Belbin Team Roles is a model that was first devised in 1960 and are still used today to measure performance, efficiency and employee engagement assessments.
Raymond Meredith Belbin is a British researcher and management theorist best known for his work on team-management. Belbin Team Roles are used to identify behavioural strengths and weaknesses in the workplace. These roles help develop people, resolve conflicts and fine-tune high performance. This model of team roles was first devised in 1960 and are still used today to measure performance, efficiency and employee engagement assessments. Meredith defined a team role as a “tendency to behave, contribute and interrelate with others in a particular way.” Each team should have an action-oriented member, a people-oriented member and a thought oriented member. The nine roles can be categorised into three different groups based on their orientation.
A shaper is driven, passionate and willful. He/she has a strong urge to perform, looks for challenges and gets things going. Shaper makes sure deadlines are made and goals are met, one way or the other. He/she can get frustrated and react angrily or emotionally.
Implementers are practical organisers. They are very disciplined, orderly and task-oriented. They master putting plans, ideas and easily executable tasks. An implementer can be a little too practical and conservative. Their response to new ideas and possibilities can be slow due to their inflexibility.
Completer - Finisher (CF)
Team members who are known to be Completer-Finishers always have a feel of what can go wrong and this is due to their attention to details. They have a high tendency to perfectionism as they always monitor quality. It is difficult for them to delegate things to others which makes them overprotective and conscientious.
Coordinators are natural coordinators of the team. He/she looks after procedures, helps team members clarify intentions and summarizes what everyone wants. They have a nose for talent and know exactly how to utilise people to their full potential. They are also known to trust in others but can have a tendency to leave too much work to others. They are calm, good-natured and can easily delegate tasks.
Team Worker (TW)
A team worker is the most sensitive member of the team. They are helpful, accommodating and focused on creating a pleasant atmosphere and a sense of togetherness. He or she prefers balance, harmony and like being close to other team members. Team workers have difficulty with conflict as they have trouble making decisions at critical times.
Resource Investigator (RI)
A resource investigator is the cheerful, extroverted person with lots of contacts within and outside the team. He/she is enthusiastic, adventurous and open-minded and always looking for new ideas. Resource Investigator is naturally good at developing and maintaining contacts but may become careless when the novelty wears off.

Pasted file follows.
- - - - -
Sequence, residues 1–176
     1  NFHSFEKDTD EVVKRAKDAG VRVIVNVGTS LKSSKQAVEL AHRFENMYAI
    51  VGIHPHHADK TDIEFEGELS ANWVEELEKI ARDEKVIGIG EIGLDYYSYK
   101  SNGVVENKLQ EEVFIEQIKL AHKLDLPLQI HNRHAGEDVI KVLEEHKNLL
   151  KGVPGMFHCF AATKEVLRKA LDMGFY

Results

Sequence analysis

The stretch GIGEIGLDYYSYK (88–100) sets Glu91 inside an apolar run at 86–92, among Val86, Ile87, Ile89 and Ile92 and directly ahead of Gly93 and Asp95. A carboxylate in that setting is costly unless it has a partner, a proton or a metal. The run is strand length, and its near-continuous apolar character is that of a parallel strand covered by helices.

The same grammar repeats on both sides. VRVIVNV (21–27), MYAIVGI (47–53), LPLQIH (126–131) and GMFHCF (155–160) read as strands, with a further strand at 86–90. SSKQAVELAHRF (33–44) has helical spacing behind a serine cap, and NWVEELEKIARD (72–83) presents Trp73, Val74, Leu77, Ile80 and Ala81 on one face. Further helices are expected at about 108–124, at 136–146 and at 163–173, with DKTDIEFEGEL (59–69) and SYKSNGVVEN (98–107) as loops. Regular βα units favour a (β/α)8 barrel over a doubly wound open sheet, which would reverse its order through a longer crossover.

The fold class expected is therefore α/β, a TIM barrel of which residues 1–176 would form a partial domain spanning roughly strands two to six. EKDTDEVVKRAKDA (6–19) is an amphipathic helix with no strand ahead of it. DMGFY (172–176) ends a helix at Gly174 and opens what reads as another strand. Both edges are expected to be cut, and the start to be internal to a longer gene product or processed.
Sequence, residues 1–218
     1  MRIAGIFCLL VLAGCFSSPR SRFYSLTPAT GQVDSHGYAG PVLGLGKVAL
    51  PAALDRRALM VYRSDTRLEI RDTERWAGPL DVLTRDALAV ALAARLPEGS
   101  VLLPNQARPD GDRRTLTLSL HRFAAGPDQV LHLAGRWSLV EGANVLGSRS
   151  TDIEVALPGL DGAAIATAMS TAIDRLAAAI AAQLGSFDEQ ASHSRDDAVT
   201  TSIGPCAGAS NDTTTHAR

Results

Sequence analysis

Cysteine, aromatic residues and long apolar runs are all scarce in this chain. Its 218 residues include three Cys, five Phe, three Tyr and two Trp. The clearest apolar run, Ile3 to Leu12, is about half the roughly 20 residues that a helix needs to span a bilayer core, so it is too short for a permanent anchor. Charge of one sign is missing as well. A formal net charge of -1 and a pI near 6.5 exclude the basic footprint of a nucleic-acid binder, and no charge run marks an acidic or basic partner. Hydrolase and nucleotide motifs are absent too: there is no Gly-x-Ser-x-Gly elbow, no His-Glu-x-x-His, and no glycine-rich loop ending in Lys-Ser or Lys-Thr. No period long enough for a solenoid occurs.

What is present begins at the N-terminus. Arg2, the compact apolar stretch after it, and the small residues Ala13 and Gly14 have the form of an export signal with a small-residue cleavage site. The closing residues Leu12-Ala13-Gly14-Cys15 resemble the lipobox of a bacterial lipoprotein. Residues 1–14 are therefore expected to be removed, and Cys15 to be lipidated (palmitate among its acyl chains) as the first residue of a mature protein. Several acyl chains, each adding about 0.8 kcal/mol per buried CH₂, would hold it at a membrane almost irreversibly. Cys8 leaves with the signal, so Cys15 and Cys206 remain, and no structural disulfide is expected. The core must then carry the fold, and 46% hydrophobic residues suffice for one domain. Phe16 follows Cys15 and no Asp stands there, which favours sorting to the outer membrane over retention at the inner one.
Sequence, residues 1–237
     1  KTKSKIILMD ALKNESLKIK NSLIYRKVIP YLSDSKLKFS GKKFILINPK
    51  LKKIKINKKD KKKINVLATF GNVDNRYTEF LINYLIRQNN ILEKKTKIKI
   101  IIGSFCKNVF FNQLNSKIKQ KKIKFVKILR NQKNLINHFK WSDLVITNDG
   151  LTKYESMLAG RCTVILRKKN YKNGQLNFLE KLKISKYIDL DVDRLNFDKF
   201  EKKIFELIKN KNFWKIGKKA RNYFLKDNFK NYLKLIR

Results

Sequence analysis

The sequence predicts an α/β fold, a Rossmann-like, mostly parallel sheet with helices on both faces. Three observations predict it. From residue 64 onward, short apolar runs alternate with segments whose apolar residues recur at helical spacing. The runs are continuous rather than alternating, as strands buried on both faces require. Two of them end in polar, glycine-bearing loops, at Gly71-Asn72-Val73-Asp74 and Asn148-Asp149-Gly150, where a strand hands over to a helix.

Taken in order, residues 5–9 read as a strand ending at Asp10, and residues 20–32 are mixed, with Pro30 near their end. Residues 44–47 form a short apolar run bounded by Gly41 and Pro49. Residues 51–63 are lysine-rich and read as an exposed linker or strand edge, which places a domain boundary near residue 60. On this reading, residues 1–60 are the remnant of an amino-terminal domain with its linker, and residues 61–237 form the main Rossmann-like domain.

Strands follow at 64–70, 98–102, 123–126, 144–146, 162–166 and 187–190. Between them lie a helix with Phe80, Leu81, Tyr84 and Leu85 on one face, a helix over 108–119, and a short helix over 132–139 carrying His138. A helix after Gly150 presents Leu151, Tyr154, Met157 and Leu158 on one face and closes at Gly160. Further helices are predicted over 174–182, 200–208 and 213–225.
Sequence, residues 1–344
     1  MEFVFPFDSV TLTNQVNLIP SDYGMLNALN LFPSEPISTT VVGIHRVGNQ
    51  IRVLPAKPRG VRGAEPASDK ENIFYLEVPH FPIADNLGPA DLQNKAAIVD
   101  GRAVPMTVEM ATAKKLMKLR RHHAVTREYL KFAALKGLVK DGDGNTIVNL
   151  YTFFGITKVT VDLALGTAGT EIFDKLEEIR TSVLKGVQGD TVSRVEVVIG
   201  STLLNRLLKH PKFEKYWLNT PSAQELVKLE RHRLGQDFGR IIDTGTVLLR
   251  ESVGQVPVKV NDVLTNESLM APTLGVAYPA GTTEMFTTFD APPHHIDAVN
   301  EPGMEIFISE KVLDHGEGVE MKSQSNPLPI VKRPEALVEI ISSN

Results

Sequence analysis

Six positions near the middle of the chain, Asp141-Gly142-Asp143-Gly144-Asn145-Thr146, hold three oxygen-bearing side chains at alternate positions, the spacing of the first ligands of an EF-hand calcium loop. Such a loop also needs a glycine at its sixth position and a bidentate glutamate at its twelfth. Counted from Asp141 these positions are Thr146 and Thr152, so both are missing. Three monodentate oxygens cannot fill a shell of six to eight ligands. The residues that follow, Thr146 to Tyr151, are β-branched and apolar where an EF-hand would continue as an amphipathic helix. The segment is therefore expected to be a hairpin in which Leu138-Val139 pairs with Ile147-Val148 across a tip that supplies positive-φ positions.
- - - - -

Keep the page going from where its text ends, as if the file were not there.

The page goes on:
The plant is the creative thinker of the team. They are innovative, creative, original and are productive. PLs are known to be free spirits who need space and time to fantasise about new and surprising solutions for complex problems. They might not always be practical as they might miss on what others require from him/her. They can also be too occupied to communicate effectively.
Monitor Evaluators are serious-minded, prudent individuals with a built-in immunity for being over-enthusiastic. They are likely to be slow in making decisions preferring to carefully think things over. Usually, they have a high critical thinking ability. They have a good capacity for shrewd judgements that take all factors into account.
A specialist is the source of technical knowledge and expertise. Their main distinguishing feature is their love of learning. They see learning and the accumulation of knowledge as the main reason for their existence and their single-minded and resolute pursuit of this end is their main motivation. The SP is likely to be recognised by colleagues as an expert to turn to for help and guidance.
Understanding the importance of each role is crucial as it identifies the weaknesses and strengths of each team member. Some of the important questions that need to maximise the strength of your team are: Which roles do you think you fulfil? Which roles do you think other members of your team fulfil? What opportunities does this present? What potential gaps are there? Although there are nine team roles, this doesn’t mean that a team needs nine people in it to be effective. Individuals will tend to have more than one preferred team role so will often occupy more than one role in the team.
To find out your strengths as a team member, you can take the quiz: https://testyourself.psychtests.com/testid/3113
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